Absa PMI climbs to highest in more than three years
The index breached the neutral 50-point mark for the first time since December, surprising economists
Activity among factory owners has climbed to its highest level in more than three years, indicating expansion in the manufacturing sector for the first time this year.
The seasonally adjusted Absa purchasing managers’ index (PMI) rose to 52.1 points in July from 46.2 in June. The last time the index was this high was in June 2016. It is also the first time this year that the index has breached the neutral 50-point mark; the PMI last came in above 50 in December 2018.
This will come as a surprise to economists polled by Bloomberg who expected the index to remain in contractionary territory at 46.5.
The index gauges activity in the manufacturing sector and a score above 50 indicates expansion, which bodes well for growth in the sector at the start of the third quarter. The monthly survey tends to be a good predictor of the manufacturing production and sales figures Stats SA provided two months later. Manufacturing is the fourth-biggest sector in the economy and accounts for about 13% of GDP.
A rebound in the sector indicates that GDP could pick up. In the first quarter of 2019, the economy contracted more than expected after the worst power cuts the country has seen dented both the retail and manufacturing sectors. However, growth is still likely to remain below 1% this year.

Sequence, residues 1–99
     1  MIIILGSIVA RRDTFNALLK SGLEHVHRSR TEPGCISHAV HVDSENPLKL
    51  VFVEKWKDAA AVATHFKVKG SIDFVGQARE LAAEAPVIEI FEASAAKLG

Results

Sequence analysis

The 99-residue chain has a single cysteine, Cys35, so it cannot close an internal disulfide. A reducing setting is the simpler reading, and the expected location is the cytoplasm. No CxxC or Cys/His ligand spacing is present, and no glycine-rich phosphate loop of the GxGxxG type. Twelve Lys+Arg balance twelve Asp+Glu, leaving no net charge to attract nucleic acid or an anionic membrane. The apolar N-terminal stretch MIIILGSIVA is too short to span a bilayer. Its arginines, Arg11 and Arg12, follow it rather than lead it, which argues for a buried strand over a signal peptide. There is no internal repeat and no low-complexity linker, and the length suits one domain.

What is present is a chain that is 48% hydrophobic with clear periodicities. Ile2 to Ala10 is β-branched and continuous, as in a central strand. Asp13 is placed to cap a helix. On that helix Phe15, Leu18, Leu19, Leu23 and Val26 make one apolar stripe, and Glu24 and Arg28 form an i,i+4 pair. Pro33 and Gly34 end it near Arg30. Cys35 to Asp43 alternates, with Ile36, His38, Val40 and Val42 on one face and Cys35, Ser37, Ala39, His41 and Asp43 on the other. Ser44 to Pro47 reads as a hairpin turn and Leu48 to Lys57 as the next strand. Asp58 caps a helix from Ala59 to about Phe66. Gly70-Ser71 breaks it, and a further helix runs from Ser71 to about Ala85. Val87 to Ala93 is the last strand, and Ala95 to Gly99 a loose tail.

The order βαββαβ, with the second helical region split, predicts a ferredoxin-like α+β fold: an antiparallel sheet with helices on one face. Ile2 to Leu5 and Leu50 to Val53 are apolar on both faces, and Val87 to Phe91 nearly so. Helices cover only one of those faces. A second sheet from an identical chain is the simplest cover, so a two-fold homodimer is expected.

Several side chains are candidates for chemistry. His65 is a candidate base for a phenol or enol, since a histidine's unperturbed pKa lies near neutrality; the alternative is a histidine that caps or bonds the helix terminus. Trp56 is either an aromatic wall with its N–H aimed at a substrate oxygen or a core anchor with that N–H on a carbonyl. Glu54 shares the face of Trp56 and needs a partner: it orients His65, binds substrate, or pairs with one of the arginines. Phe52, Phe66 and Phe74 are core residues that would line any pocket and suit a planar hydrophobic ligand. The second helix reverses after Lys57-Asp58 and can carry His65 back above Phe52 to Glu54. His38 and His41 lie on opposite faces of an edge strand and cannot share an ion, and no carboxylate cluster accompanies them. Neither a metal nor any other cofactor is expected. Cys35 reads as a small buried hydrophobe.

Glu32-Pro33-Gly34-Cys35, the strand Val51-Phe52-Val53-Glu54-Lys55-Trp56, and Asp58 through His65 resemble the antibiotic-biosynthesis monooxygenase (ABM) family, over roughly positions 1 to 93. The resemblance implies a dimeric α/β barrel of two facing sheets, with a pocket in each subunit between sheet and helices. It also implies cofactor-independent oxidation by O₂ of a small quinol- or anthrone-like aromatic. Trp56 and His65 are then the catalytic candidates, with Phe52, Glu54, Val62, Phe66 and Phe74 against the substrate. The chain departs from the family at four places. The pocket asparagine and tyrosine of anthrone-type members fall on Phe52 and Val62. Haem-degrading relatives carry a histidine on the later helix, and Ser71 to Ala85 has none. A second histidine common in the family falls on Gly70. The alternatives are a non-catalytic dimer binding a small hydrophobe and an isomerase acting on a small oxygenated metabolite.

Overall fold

“Activity data from a variety of sectors all point to a recovery in the economy, but growth last quarter was still probably less than 2%, so the economy will not make up the ground it lost in the first quarter,” Capital Economics economist John Ashbourne said.
Four of the five major sub-components came in above 50 points, which points to an expansion in activity. The employment index, the only one to remain below 50 in June, edged 1.4 points higher to 43.1. The bleak outlook for job prospects in the sector follows the unemployment figures released by Stats SA on Tuesday, which were at an 11-year high of 29%.
Despite the good news, Absa warned that “given growing concerns about the health of the global manufacturing sector, it remains to be seen whether this improvement can be sustained”.
This is because the figures are often volatile and don’t always correlate with the production figures. Some of the increase in July could also reflect efforts by some firms in the manufacturing sector to build up stockpiles in light of ongoing wage talks and the risk of strikes, Absa economist Miyelani Maluleke said.
The expected business conditions index declined to 54.5 points in July, which is more than 12 points below the level recorded at the start of the year.